I have been reading up on Secure Boot, in particular what it actually checks during the boot process.

According to Microsoft the Secure Boot process works as follows:

  1. Firmware Boot Components: The firmware verifies the OS loader is trusted
  2. Windows boot components: BootMgr, WinLoad, Windows Kernel Startup. Windows boot components verify the signature on each component. Any non-trusted components will not be loaded and instead will trigger Secure Boot remediation.

    Antivirus and Antimalware Software initialization: This software is checked for a special signature issued by Microsoft verifying that it is a trusted boot critical driver, and will launch early in the boot process.

    Boot Critical Driver initialization: The signatures on all Boot-critical drivers are checked as part of Secure Boot verification in WinLoad.

  3. Additional OS Initialization

  4. Windows Logon Screen

From this I have understood that Secure Boot will only check the firmware (bootloader, EFI applications, OS integrity).

But would it be possible to have the secure boot process also verify the integrity of the OS applications from tampering as well? I.e some user applications that run on Windows e.g paint etc.

If you do the whole signing process of a user application you want to have its integrity checked, and add it's public key to the Secure Boot whitelist database, would it actually check the user application's integrity? I searched online but I could not find a definite list of what exactly Secure Boot checks for.

2 Answers 2


UEFI firmware launches the Windows bootloader when it has been correctly verified (it's been signed by one of the entities your firmware trusts). Once on the Win bootstrap, there is a module that verifies code integrity of every module in the kernel. All the drivers/modules that are not signed or signed by an entity not included in the code integrity db are simply rejected and the boot process will fail warning the end-user.

Now, you can override that policy to even load unsigned drivers. OK, but what about user delivered apps/programs? Well there exists something called code integrity where a developer signs his software including a timestamp, so if the certificate expires somehow, that timestamp validates the signature. It's a security matter that entirely depends on you, you are exposing yourself installing unverifiable software, so be sure that the source is reliable when code signing is not included.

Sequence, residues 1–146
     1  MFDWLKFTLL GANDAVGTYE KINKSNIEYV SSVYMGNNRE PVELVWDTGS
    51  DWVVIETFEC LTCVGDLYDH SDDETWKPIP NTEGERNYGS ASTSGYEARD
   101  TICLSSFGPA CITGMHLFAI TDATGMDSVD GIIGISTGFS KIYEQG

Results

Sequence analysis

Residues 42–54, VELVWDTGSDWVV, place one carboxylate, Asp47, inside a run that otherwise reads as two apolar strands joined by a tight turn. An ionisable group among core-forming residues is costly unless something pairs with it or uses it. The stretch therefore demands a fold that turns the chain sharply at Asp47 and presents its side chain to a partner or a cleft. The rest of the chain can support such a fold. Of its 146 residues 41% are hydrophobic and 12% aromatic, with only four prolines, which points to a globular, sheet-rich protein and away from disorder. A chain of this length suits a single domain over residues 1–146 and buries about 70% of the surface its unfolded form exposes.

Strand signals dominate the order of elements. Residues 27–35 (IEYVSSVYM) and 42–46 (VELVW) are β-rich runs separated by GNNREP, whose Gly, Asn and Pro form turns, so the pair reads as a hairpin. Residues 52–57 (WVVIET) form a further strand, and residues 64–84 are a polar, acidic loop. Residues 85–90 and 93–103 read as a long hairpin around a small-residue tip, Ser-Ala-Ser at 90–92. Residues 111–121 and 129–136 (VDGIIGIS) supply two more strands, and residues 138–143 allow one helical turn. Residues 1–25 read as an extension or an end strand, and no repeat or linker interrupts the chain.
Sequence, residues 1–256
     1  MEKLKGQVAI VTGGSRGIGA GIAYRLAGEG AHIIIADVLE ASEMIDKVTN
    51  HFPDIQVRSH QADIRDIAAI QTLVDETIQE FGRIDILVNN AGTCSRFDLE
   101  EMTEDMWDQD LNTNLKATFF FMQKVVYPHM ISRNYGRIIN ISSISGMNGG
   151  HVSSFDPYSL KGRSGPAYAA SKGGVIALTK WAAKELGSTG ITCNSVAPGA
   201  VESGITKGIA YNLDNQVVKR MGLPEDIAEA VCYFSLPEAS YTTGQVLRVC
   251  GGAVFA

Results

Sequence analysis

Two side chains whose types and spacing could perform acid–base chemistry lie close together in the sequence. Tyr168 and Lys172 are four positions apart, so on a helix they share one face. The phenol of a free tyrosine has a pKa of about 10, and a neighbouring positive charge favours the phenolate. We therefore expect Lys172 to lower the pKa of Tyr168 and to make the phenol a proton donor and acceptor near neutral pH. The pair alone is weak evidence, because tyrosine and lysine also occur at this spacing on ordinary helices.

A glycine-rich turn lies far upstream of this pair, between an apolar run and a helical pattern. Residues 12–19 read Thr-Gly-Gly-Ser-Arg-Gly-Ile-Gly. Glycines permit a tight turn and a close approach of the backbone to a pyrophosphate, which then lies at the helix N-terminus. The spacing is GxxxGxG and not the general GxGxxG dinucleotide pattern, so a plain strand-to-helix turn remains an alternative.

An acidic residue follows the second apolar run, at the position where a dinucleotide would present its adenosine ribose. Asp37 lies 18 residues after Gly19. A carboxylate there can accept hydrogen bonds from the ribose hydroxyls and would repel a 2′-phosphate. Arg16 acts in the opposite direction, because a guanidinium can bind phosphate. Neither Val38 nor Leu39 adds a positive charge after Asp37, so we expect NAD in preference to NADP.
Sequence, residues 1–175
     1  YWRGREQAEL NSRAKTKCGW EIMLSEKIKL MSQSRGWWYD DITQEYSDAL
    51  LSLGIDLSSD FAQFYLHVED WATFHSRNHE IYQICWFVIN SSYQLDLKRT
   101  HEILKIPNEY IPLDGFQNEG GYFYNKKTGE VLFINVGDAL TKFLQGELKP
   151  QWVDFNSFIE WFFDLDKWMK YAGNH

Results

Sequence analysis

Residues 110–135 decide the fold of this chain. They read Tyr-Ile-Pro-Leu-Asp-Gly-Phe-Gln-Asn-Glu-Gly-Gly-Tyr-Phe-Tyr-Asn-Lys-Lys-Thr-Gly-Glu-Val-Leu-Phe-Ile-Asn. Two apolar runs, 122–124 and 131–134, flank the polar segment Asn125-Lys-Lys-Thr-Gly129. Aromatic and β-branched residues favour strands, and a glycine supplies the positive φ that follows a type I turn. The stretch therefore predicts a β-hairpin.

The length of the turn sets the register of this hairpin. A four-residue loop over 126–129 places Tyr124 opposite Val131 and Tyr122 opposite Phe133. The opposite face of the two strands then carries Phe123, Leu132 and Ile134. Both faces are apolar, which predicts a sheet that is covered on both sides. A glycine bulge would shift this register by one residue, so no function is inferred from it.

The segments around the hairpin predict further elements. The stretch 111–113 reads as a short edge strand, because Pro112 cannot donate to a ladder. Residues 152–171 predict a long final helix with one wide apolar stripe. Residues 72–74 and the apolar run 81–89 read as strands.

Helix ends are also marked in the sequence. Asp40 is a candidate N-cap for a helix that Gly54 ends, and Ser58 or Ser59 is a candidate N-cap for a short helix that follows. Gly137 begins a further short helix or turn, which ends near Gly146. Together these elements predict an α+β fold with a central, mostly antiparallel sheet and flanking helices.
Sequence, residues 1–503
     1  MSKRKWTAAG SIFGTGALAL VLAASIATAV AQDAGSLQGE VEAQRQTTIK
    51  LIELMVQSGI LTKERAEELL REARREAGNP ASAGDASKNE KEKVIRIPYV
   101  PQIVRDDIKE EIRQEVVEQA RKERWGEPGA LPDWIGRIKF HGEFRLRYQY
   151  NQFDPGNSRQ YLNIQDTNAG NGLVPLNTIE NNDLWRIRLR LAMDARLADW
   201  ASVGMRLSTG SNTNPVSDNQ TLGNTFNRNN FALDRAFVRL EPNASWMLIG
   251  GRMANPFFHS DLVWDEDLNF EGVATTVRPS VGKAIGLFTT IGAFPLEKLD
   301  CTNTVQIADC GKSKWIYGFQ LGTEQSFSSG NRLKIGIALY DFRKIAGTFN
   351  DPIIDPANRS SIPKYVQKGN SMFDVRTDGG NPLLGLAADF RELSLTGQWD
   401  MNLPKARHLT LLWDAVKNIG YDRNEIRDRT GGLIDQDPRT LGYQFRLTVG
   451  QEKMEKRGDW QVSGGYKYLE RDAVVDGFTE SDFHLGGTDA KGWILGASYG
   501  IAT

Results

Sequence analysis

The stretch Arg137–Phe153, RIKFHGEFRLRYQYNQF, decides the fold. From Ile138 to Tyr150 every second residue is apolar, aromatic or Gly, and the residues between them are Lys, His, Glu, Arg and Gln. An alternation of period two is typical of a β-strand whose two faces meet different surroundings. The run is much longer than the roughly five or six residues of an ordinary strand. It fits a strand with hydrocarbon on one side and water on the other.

I'm not an active Win user right now but I'd say that most of the shipped software included in any modern Windows OS is directly signed by Microsoft following the code integrity specs. Look also for signature catalogs, it's very instructive. Now, if you were a Linux user, software downloaded from official repos is guaranteed to be signed so signatures can be validated with pgp keys of the repo, there have been cases of compromising the official repositories, so danger it's still out here for us all.


This article says that secure boot exists because of the threat of bootkits and rootkits. Once the OS is running, then the antivirus software can take over and check the applications running on the system. It seems to me that, for good user experience, Windows wants the boot process to be secure and fast. To this end, it checks what's necessary for secure boot and no more, leaving OS applications to the antivirus.

I'm definitely not an expert on secure boot, though, so I freely admit I could be mistaken on this.

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